An initial outreach effort by the U.S. Attorney’s Office entitled, “Improving Criminal Justice Outcomes,” was held on March 1, 2016, and focused on community stakeholders. The keynote speaker was Michael G. Santos - author, motivational speaker, life coach, trainer and prison consultant. Mr. Santos served 26 years of a 45-year federal prison term for drug offenses. Mr. Santos developed the “Straight A Guide Reentry Course” and the “Earning Freedom Mastermind Reentry Course.” These programs have been adopted at several penitentiaries and have been lauded as exceptional in preparing inmates for becoming law-abiding, contributing citizens. Mr. Santos spoke to the group via videoconference about his own personal journey through 26 years in federal prison, the challenges faced by those in prison and the opportunities for reentry into the community.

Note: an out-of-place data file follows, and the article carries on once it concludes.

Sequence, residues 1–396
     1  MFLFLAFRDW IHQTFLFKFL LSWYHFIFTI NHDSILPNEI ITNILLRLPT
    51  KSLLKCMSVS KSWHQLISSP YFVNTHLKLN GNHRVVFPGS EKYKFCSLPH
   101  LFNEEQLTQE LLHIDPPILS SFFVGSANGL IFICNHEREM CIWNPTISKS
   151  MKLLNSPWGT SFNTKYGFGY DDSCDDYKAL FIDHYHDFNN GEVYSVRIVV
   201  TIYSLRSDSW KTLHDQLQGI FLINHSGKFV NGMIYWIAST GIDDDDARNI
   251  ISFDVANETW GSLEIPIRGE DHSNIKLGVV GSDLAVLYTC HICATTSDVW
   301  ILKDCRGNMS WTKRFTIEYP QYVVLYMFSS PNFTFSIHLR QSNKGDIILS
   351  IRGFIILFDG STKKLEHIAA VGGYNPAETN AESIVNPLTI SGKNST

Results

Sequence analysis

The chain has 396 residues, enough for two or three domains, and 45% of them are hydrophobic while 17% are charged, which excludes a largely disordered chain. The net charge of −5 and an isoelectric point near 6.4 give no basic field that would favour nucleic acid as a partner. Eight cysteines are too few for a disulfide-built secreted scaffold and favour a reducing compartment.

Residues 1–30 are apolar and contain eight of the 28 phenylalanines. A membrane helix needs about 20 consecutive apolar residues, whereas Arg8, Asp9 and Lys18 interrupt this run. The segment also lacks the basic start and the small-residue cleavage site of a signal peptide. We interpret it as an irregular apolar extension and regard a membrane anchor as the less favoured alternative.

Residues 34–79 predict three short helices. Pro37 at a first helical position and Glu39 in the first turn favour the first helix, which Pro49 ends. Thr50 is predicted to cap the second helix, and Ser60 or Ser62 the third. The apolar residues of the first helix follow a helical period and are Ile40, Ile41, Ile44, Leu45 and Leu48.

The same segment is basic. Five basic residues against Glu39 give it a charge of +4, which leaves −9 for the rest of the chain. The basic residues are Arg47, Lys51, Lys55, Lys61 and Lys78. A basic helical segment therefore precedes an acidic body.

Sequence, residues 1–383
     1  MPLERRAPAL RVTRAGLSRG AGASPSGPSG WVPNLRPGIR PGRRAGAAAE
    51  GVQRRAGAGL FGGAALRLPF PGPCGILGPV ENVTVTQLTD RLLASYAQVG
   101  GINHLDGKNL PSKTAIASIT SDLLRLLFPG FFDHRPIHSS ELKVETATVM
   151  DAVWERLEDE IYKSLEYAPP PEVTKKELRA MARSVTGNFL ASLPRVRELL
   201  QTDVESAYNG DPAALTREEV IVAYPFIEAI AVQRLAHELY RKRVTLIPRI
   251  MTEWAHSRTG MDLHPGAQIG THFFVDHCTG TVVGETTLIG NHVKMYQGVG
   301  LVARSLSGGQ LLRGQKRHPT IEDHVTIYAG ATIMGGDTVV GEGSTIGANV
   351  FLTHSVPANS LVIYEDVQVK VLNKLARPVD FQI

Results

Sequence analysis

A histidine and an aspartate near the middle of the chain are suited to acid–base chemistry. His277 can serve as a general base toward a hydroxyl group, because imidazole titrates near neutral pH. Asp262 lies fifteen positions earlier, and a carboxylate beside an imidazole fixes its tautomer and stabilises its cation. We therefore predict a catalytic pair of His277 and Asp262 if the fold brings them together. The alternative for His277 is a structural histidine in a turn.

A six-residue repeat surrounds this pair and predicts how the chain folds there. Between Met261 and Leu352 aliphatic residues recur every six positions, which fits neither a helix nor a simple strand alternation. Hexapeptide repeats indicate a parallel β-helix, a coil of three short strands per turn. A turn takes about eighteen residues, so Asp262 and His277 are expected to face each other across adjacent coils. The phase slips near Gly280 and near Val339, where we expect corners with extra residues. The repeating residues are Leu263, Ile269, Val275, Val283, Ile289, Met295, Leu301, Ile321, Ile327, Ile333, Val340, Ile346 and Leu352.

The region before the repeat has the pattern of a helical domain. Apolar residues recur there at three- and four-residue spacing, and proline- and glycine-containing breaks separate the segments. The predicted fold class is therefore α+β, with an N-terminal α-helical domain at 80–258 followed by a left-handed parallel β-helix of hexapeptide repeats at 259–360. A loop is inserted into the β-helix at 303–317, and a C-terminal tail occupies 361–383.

In June 2016, the U.S. Attorney’s Office hosted its second conferences, “One Community Guam” and “One Community CNMI”, this time sponsoring Mr. Santos to provide in-person training to both districts. Upon his arrival in Guam, Mr. Santos hit the ground running by meeting with three groups of inmates at the Department of Corrections and, later, parolees and their families, to discuss the importance of cognitive and life skills development. On June 27 and 28, 2016, Mr. Santos trained at six venues on Guam, and on June 29 and 30, 2016, he travelled to and trained at two venues in Saipan, NMI, to meet with key stakeholders. Training was conducted for adult and youth corrections staff including corrections officers and caseworkers, social workers, and medical, mental and public health professionals, working within or associated with the correctional institutions; law enforcement/prosecutors; public defenders/defense counsel; pretrial officers; probation officers; parole officers; and other related professionals working with our criminal and juvenile justice systems. Mr. Santos also conducted training for selected offenders – adult and justice-involved youth, appropriate to act as peer facilitators for other adult offenders and justice-involved youth. Training for community stakeholders including our nonprofits, faith based community, government agencies, private sector and military counterparts was also held. Mr. Santos’ reentry course included lessons on: (1) how to develop communication skills and why those skills relate to success; (2) how to develop self-directed learning techniques; (3) how to develop critical thinking skills; and (4) how to reject criminal lifestyles and criminal associations. Mr. Santos also explained the “Seven A’s” critical to successful reentry: attitude, aspirations, actions, accountability, awareness, achievement and appreciation.